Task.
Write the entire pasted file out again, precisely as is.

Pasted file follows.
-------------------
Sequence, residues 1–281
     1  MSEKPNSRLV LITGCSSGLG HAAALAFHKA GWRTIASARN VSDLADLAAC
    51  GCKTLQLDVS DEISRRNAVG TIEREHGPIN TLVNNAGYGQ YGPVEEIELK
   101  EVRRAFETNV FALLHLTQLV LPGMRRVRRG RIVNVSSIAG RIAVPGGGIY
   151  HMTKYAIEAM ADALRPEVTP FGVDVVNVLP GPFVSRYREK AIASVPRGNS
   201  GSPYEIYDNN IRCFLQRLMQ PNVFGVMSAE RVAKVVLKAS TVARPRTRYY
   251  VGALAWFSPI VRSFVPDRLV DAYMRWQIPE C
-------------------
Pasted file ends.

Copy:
Sequence, residues 1–281
     1  MSEKPNSRLV LITGCSSGLG HAAALAFHKA GWRTIASARN VSDLADLAAC
    51  GCKTLQLDVS DEISRRNAVG TIEREHGPIN TLVNNAGYGQ YGPVEEIELK
   101  EVRRAFETNV FALLHLTQLV LPGMRRVRRG RIVNVSSIAG RIAVPGGGIY
   151  HMTKYAIEAM ADALRPEVTP FGVDVVNVLP GPFVSRYREK AIASVPRGNS
   201  GSPYEIYDNN IRCFLQRLMQ PNVFGVMSAE RVAKVVLKAS TVARPRTRYY
   251  VGALAWFSPI VRSFVPDRLV DAYMRWQIPE C